Richard Cumyn sent the following response to TWR‘s questions on April 12, by email.
1) We all know that Dan Brown and his ilk can sell product in any form, e-book, p-book or otherwise. But what do you think will be the impact of e-books on literary publishing in the near term?
The accessibility of the electronic medium could be a real boon to literary publishing. Unless you subscribe to print journals these days, it’s not easy to find them, and when you do, the cost of a single issue rivals that of a new paperback. I don’t think the core readership–writers, poets and those who want to be published–is apt to grow remarkably with the shift to e-reading, but with the right marketing, and cooperation with book publishers and other periodicals, literary magazines could reach a significantly larger general audience than they do now. Take present costs (paper, printing, shipping, storage), shift even a fraction of that money to online promotion, and the result should be financially revitalizing.
Will the quality of the work remain the same, if it becomes easier to publish a magazine? That will depend on editors, in their role as gatekeepers. Literary quality shouldn’t diminish, unless we stop caring about standards. When I was fiction editor at The Antigonish Review I turned away many stories that I wish I’d had the room to accommodate. Fledgling voices previously silenced by early rejection could find this medium much more nurturing. Nurturing of their creativity and confidence, that is; the number of periodicals that actually pay writers doesn’t appear to be increasing. And too much encouragement too early might not be the best way to produce a tough, resilient writer, the type who can survive in a world increasingly hostile towards artists and intellectuals.
2) How will your role as a writer change as a result of the increasing adoption of ebooks and ezines?
I don’t see myself writing differently, but I suspect I’ll be asked to play a greater role in selling the book or the magazine. Writers are expected to be more available to readers than before, as part of that ancillary function served by blogs and Tweets. As Steven Heighton and Guy Gavriel Kay said in a recent interview with Shelagh Rogers, the more time we spend being available online, the less time we have to write. And not simply to put any old words down but write well, in that state akin to daydreaming from which new work of artistic value arises. It takes a lot of uninterrupted time and the right space to achieve that.
3) Do you use or have you tried using an e-reader? What is your impression of them?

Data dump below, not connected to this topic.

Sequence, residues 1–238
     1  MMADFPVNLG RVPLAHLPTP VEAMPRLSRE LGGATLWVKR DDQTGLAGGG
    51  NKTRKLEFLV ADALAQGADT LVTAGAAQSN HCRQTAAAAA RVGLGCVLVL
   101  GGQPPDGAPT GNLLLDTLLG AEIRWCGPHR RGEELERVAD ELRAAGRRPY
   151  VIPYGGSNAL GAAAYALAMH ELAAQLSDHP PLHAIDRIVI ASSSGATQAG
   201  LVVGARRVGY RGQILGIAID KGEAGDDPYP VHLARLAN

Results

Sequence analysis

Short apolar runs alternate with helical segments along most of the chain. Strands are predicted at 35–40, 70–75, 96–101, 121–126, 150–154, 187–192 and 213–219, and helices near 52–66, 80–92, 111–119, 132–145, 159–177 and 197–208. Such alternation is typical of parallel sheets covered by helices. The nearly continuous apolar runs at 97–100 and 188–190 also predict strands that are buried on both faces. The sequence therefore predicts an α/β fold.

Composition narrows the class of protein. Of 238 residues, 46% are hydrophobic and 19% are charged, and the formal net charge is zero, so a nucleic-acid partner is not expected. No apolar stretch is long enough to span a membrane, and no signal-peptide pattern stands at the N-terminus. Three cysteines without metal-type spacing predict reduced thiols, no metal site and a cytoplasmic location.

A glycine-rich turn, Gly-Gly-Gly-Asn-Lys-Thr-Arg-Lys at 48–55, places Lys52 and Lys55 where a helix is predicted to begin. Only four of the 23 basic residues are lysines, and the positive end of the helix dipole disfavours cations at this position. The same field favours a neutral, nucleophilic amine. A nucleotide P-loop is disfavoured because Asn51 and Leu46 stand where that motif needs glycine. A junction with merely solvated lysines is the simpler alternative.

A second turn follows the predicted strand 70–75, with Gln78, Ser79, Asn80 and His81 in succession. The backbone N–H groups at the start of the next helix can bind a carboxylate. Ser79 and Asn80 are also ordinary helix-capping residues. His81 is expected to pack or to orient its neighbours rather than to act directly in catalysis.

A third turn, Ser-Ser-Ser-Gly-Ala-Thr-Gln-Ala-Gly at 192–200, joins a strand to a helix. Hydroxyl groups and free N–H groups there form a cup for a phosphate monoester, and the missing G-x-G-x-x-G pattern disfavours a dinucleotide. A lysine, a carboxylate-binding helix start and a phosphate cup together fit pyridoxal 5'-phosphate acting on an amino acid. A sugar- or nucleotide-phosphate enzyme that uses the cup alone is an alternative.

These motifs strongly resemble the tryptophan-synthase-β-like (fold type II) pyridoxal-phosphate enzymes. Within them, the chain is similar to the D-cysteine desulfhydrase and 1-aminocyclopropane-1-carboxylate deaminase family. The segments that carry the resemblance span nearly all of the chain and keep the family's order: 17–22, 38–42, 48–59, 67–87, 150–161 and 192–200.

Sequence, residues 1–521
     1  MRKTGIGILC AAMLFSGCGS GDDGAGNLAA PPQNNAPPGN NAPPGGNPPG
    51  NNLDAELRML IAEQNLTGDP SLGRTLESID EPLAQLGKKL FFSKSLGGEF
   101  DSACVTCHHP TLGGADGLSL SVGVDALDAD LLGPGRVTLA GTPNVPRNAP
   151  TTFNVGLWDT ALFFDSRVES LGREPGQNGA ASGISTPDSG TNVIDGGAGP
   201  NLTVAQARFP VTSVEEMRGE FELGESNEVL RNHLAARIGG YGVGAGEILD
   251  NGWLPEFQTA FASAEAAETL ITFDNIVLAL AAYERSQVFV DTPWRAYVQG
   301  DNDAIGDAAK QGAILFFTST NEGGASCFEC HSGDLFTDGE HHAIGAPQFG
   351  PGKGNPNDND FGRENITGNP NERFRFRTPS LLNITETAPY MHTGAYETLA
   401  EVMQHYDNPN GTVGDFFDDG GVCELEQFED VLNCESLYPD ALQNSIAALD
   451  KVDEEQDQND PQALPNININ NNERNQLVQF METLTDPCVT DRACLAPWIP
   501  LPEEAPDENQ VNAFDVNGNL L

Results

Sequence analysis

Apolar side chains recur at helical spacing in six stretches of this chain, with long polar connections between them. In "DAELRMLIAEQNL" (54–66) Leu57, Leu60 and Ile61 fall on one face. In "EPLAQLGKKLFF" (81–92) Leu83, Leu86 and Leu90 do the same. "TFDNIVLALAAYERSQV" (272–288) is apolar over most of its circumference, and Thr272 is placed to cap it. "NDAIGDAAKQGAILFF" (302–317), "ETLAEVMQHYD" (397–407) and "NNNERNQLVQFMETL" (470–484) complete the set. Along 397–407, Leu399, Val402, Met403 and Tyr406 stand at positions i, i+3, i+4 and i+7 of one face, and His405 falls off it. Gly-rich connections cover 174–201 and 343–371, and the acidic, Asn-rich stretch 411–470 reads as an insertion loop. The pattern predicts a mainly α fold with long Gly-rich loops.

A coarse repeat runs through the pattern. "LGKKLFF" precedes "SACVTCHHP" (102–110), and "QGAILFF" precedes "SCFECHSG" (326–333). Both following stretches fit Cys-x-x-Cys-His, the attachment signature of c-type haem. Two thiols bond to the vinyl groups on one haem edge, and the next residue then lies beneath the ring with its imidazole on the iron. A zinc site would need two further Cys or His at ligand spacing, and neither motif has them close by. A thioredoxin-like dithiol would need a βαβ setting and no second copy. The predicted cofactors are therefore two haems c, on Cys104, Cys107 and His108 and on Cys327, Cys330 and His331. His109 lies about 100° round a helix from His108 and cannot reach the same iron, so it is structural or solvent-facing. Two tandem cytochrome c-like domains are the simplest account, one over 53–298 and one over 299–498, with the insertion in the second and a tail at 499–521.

I’ve tried two types. I found myself becoming distracted by all the other functions and possibilities of the iPad (which is nevertheless a versatile and attractive device). My daughter and her husband are fans of the Kobo, for its simplicity and portability. If and when I get an e-reader, I think I’ll go with something dedicated to text only. I’ll never stop loving print, the well-made, hand-sewn, sturdy-paper book. I just ordered a Modern Library edition of one of James Salter’s story collections, in large part because I find the binding and overall design of the hardcover so pleasing to look at and hold.
4) How do you think the McLuhanism that equates medium with message will apply to ebooks? That is, will artistic forms such as the novel, the short story, and the poem actually change because of the newdelivery media, including e-readers, iPhones etc.? What about the impact ofso-called enhanced books that include video and music?
I think it has already had an impact on form and style. Writing has to be shorter, punchier and more direct, with simpler vocabulary and structure, in order to engage and hold the attention of a reader who is one click away from YouTube. Text has to compete with video, a powerfully seductive medium, and it may be losing the battle for mass attention. Reading, for all its considerable rewards, takes work; watching and listening take only the energy required to keep one’s eyes and ears open. But writers won’t disappear. The appetite for dramatized story is voracious. We’ll always need creators of narrative to feed that limitless stomach. Story (and verse) direct-to-tube, then, bypassing text, seems to be the future. Audiobooks will continue to be popular. But text is receding as a means of dramatic presentation. Text (aside from the cryptic telegraphy of personal communication), the full-sentence, complete-paragraph variety I grew up consuming and working to emulate, will become exclusive and specialized, like the architect’s blueprint or the programmer’s code.
5) In what ways will paper books change in the next few years because of ebooks?
I see numbers of new, mass-produced trade-paper books falling dramatically. Used bookstores will flourish. Print-on-demand publishers will thrive for a while, until we wean ourselves off trade paper. Artisanal, handmade books will grow in popularity, as a reaction to the flattening effect, the perceived sameness of ebooks. Book-binding workshops will join stained-glass and scrapbook-making in popularity. The print book as an enduring artifact, a physical work of art, will continue to be made, lovingly, one at a time to be collected and cherished.